Mt Zero-Taravale: Managing climate change
State: QLD | Hectares: 58,850 | IUCN Category: II, IV | Partners: Australian Wildlife Conservancy
One of the many gorges on Taravale Photo courtesy of AWC
Reserves like Mt Zero-Taravale in North Queensland are helping to protect some of the species and habitats that are the most vulnerable to climate change.
The Australian Wildlife Conservancy (AWC) bought Mt Zero in 2001, adding neighbouring property Taravale two years later, with both acquisitions supported by the National Reserve System Program. The sanctuary provides an important link from the Wet Tropics World Heritage Area west to drier country.
Protecting the sanctuary's huge variety of landscapes creates a safe haven for its native plants and animals. Resilient, well managed landscapes are our best defence against climate change, so AWC's work in controlling wildfire, weeds like lantana, and feral animals like pigs, horses, rabbits and cats is vital. By reducing other threats, native species are more able to adapt to a changing climate.
Peter Hensler manages Mt Zero-Taravale for AWC, and says it is particularly important to protect areas like this because of their staggering biodiversity.
"When you get a region like this with big variation in rainfall, temperature and the height of the land, you get enormous variation in plant and animal life," he says.
"This magnificent wilderness runs from wet sclerophyll forest through to arid spinifex-covered hills, and is home to hundreds of animal and bird species including the threatened northern bettong, spotted-tailed quoll and masked owl. Protecting them as climate change sets in is really important."
But the enormous biodiversity of Mt Zero-Taravale isn't the only thing that makes it important to the National Reserve System. By helping the AWC purchase Taravale next to the existing Mt Zero reserve, the Australian Government was reflecting a growing trend in what the World Commission on Protected Areas calls connectivity conservation.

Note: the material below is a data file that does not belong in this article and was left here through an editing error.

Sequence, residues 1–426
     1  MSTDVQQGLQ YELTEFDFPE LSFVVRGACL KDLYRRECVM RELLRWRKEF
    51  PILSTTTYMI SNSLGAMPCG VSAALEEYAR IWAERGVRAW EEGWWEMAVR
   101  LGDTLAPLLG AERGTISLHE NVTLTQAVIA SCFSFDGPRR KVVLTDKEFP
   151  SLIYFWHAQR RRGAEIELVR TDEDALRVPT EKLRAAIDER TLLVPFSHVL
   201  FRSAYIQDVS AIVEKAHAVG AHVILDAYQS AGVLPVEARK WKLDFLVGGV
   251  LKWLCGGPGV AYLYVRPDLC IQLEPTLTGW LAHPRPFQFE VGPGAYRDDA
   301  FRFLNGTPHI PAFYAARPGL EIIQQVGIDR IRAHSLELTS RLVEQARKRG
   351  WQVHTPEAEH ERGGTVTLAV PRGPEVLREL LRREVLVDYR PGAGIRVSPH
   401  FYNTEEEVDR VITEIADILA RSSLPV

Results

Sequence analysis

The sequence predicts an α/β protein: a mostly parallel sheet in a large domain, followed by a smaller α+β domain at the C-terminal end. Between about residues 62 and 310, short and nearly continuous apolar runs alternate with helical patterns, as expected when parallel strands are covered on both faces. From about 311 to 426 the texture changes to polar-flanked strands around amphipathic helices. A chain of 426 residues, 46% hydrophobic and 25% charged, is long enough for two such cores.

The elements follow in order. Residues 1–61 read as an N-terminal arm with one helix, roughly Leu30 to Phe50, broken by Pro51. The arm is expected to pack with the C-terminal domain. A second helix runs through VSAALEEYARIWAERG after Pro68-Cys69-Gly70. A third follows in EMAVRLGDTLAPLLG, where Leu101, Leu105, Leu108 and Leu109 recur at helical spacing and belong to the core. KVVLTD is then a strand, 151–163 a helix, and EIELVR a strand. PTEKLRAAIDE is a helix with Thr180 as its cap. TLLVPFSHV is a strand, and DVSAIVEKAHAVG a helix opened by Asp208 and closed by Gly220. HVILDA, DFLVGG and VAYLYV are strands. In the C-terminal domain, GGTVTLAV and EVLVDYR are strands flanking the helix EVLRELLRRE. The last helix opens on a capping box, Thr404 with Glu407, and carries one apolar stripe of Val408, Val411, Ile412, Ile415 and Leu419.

Penelope Figgis is the Vice Chair for Australia and New Zealand of the IUCN World Commission on Protected Areas. She says connectivity conservation is about strategically linking protected areas to provide unfragmented chains of well-managed native ecosystems.
"A region's climate - how hot it is and how much rain it gets - dictates what can survive there," Penny says. "If those things change, particularly over a short period of time, many plant and animal species could be isolated in places that no longer support them.
"Most scientists agree that an essential response is creating greater connectivity across the landscape. Connectivity conservation is about linking 'islands' of protected areas into connected large-scale mosaics of lands that are managed cooperatively. This creates wildlife corridors between different types of habitat, allowing native species to move through the landscape as their previous environment changes seeking habitat that better suits their needs."